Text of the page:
City tax partners have long accused HM Revenue and Customs (HMRC) of unfairly treating all partnerships as tax avoidance vehicles but in a new report published last week, the government body appears to be taking steps to reset the relationship, albeit only shortly after announcing that salaried partners will be treated as having a ‘disguised salary’ and must be taxed as employees.
The review of partnerships by the Office of Tax Simplification found that more needs to be done to counter the feeling that the HMRC views them ‘as if they were exclusively avoidance vehicles’.
It adds: ‘Fundamentally, HMRC and the tax system generally needs to evolve a more supportive and constructive approach to partnerships. They represent 10 per cent of UK businesses; the very large partnerships are a major contributor to UK business and export earnings. Yet they are very much the poor relation in the way they are handled by HMRC and indeed regarded by government.’
The report finds that ‘demonstrating that partnerships are indeed viewed as “legitimate commercial structures and the majority do not…manipulate business profits”, may well help reassure relevant businesses and help develop better relationships and balance.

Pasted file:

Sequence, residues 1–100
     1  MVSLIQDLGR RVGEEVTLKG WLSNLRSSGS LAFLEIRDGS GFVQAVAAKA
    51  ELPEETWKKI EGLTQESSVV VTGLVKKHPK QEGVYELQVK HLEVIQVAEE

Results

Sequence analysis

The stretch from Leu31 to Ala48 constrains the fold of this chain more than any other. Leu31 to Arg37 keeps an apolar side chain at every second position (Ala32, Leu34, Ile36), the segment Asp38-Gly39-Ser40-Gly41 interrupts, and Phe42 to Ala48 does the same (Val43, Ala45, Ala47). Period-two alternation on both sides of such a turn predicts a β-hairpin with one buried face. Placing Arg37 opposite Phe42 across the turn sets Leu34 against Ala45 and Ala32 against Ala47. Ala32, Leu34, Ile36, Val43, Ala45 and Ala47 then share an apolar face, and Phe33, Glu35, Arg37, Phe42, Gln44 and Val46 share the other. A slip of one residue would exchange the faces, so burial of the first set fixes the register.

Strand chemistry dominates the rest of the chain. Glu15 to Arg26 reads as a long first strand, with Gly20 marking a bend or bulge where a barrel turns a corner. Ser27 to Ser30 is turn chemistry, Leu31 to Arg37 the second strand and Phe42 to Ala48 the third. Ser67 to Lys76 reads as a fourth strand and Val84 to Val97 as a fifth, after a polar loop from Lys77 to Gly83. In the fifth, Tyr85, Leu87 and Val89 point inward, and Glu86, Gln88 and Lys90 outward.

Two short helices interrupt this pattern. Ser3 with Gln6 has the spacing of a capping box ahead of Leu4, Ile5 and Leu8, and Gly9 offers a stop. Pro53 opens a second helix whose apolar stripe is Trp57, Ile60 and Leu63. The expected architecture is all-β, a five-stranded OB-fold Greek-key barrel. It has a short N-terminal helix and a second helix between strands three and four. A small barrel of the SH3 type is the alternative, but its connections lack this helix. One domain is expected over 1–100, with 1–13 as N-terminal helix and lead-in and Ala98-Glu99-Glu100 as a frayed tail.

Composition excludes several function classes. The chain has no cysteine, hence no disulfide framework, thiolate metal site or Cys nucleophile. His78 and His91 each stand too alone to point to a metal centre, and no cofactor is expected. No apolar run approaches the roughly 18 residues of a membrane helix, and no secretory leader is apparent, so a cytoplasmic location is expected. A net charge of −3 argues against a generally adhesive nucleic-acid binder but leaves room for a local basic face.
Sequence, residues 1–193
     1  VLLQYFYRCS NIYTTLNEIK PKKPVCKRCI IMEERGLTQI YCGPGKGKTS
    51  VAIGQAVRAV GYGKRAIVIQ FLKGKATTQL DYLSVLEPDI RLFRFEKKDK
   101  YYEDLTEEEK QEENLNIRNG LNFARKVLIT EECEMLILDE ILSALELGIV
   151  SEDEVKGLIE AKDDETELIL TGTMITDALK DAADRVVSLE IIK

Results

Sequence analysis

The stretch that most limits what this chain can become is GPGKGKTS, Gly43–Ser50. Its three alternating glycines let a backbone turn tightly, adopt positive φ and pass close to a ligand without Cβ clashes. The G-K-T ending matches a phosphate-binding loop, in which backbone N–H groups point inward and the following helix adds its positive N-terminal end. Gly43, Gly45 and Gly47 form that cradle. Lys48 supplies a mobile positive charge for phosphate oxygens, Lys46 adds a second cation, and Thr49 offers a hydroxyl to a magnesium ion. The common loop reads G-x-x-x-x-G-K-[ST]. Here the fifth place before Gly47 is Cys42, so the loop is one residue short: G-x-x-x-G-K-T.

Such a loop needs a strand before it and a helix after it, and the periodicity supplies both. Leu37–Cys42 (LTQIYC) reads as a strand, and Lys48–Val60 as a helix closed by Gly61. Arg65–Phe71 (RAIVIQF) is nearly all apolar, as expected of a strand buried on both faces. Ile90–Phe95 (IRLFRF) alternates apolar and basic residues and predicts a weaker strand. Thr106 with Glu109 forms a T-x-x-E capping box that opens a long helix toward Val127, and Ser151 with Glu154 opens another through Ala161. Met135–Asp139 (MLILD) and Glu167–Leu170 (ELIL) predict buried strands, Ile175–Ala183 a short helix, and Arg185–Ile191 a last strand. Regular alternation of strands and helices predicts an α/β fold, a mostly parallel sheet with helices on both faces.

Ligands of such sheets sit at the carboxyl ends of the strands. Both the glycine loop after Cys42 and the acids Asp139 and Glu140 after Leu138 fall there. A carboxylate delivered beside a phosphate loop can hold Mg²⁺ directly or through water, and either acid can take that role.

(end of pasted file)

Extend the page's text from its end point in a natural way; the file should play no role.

The one-size-fits-all approach adopted by the HMRC towards partnerships and in particular LLPs has led to City partners accusing the government body of lumping respectable law firms together with far riskier businesses.
As announced in the HMRC’s Autumn Statement 2013, the draft Finance Bill, which will come into effect in April this year, says that partners with less than 20% of their remuneration linked to the profits of the firm will be regarded as having a ‘disguised salary’ and subject to both income tax and national insurance in a move expected to add thousands of pounds onto firms’ tax bill.
At the time of that announcement, chair of Baker Tilly’s professional practices group George Bull said: ‘We are disappointed that HMRC has ignored many of our recommendations, in particular those that addressed commercial concerns.
‘In addition, HMRC has ignored profession-wide requests not to apply such a “broad brush” approach which has, as predicted, caught so many genuine partnership businesses using the structures to accumulate profits for internal investment. This now gives the partnership model a very real disadvantage in comparison to the traditional corporate model.’
Last week’s review of partnerships ended: ‘Our overall conclusion is that partnership tax works, but like a comfortable old shoe it is a little worn at the edges and may have a couple of holes coming through. In many ways there is a need for a variety of types of shoes.’